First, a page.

On October 5th, Aaron Colen with The Blaze published an article called “Asian NBA Player Accused of Appropriating Black Culture Fires Back against Hypocrisy,” covering the recent controversy surrounding current Brooklyn Nets player Jeremy Lin and former player Kenyon Martin. A topic previously explored on the American Exceptionalism website, cultural appropriation has been met with heated debate on numerous occasions. It would seem that American society has come to a crossroads in which it must either walk the path of cultural sharing, having led to much of the nation’s innovation and success in the past, or one of cultural segregation, no doubt a track toward societal stagnation. In the case of Lin and Martin, it is clear which path each player has chosen. Colen sets the scene:

Former Nets forward Kenyon Martin tore into Lin in an Instagram video Wednesday for [Lin’s] dreadlocks, but Lin’s response showed class and the composure of someone who has been judged for being an Asian in a predominantly black league for years.

[…]

Martin played for the Nets, then in New Jersey, from 2000-04, and retired from the league after the 2014-15 season. He said this in an Instagramvideo:

“Do I need to remind this damn boy that his last name Lin?” Martin said. “Like, come on, man. Let’s stop with these people. There is no way possible he would’ve made it on one of our teams with that bulls**t on his head.

“Come on man, somebody need to tell him, like, ‘alright bro, we get it. You wanna be black.’ Like, we get it. But your last name is Lin,” Martin continued.

The video has since been deleted, but not before stirring up headlines on various media outlets. Martin’s comments leave no room for cultural celebration. His words scream, “Get back in your own culture lane!” Unfortunately, this sort of attitude generally leads to a blurry understanding of different traditions and customs and thus, often contributes to the advancement of stereotypes. In contrast, Lin’s response to Martin shows his desire to share and appreciate all cultures:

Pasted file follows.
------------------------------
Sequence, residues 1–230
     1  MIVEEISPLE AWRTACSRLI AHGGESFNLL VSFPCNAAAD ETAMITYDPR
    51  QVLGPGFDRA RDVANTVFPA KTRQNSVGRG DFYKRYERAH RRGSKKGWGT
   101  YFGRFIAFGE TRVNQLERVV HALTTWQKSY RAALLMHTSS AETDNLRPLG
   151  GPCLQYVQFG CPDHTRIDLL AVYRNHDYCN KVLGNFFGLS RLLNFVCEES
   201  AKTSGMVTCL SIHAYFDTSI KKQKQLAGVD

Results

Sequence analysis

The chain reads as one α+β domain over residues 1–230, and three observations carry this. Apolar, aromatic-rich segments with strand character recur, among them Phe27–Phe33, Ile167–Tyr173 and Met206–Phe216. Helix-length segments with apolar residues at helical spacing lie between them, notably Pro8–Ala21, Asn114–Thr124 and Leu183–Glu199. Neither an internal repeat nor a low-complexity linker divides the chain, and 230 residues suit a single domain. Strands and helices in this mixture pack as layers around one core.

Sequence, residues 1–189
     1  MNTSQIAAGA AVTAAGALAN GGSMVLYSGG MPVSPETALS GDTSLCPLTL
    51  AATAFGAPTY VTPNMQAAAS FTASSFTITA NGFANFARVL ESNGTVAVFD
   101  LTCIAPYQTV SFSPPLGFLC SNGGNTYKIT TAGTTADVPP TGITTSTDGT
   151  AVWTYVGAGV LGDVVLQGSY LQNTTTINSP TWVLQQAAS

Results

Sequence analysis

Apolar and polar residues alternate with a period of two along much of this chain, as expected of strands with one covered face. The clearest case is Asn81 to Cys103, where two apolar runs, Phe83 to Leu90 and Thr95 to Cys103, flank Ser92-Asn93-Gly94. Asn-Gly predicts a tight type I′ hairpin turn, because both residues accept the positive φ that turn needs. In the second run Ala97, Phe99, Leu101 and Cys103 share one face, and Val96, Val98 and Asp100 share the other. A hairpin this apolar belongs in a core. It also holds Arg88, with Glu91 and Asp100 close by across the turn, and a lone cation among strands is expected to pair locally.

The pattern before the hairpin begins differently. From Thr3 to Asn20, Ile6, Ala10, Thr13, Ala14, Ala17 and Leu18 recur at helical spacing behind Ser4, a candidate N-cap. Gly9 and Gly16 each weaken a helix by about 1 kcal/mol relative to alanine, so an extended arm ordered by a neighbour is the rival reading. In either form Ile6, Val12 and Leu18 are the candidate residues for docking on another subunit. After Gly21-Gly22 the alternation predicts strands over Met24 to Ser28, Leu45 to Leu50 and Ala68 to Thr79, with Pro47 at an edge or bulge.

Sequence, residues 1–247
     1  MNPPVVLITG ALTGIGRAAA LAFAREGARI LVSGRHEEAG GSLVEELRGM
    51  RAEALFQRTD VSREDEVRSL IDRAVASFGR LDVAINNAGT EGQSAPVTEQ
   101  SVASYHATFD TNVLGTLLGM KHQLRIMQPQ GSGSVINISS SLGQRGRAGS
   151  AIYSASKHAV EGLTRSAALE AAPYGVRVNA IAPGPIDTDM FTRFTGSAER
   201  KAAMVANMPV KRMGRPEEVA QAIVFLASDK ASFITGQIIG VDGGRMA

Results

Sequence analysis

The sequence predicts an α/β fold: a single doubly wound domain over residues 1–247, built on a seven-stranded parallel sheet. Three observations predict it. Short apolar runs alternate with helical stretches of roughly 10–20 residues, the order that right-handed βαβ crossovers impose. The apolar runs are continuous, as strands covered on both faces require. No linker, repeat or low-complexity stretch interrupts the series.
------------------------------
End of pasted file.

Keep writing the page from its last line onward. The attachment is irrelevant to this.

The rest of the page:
Lin avoided taking any direct shots at Martin in his reply, but did point out one glaring bit of hypocrisy in Martin’s cultural appropriation accusation.

Lin posted this in an Instagram comment(emphasis added):

“Hey man. Its all good you don’t have to like my hair and definitely entitled to your opinion. Actually i legit grateful you sharin it tbh. At the end of the day i appreciate that i have dreads and you have Chinese tattoos bc i think its a sign of respect. And i think as minorities, the more we appreciate each others cultures, the more we influence mainstream society. Thanks for everything you did for the nets and hoops…had your poster on my wall growin up.”

Colen ultimately asserts that this isn’t about cultural appropriation, but the freedom to be yourself, an essential element in celebrating individualism:

Lin, a Harvard graduate who made it to the NBA despite being undrafted, enjoyed a meteoric rise to fame with the New York Knicks, followed by an injury-ridden fall from grace.

The entire time, he’s had to deal with detractors who believe much of his success and fame was only due to the novelty of being an Asian NBA star.

Martin interpreted Lin’s hair as an attempt to steal from African-American culture, but that wasn’t Lin’s intent. He just wants to free himself from the restraint of others’ opinions, and his response to Martin shows that he’s been able to do just that.

Read the full article here.

Take a Lesson from Lin

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